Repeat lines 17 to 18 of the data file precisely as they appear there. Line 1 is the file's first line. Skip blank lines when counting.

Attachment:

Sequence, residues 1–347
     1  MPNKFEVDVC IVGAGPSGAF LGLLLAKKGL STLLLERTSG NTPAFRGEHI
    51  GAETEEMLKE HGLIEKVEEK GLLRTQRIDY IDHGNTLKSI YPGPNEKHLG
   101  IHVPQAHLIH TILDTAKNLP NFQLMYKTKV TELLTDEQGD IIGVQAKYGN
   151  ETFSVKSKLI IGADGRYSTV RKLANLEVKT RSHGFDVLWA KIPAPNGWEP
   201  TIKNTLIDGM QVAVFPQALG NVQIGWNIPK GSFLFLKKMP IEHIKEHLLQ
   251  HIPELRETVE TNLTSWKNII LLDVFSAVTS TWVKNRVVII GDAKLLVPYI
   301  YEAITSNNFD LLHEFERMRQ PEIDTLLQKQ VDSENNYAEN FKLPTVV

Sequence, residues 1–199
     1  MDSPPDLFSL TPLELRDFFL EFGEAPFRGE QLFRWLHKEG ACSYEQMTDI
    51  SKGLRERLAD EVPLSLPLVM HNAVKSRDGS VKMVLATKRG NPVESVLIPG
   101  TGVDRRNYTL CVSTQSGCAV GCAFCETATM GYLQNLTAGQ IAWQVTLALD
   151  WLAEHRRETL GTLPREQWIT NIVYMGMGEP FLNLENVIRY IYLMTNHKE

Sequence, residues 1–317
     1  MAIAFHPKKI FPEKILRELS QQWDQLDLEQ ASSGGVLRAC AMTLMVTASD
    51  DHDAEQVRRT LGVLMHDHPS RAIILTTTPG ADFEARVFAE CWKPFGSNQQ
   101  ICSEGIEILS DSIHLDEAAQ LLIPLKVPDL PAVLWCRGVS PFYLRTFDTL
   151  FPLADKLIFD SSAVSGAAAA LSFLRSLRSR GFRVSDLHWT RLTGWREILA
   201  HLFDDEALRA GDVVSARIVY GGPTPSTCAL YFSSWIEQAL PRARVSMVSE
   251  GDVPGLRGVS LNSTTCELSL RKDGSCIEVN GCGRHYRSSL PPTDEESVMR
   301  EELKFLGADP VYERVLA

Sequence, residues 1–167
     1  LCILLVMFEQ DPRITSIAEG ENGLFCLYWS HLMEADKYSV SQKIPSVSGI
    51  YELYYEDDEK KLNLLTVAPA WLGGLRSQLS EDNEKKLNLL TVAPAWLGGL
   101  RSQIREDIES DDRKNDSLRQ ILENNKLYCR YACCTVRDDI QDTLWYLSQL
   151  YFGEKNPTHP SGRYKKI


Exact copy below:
   101  ICSEGIEILS DSIHLDEAAQ LLIPLKVPDL PAVLWCRGVS PFYLRTFDTL
   151  FPLADKLIFD SSAVSGAAAA LSFLRSLRSR GFRVSDLHWT RLTGWREILA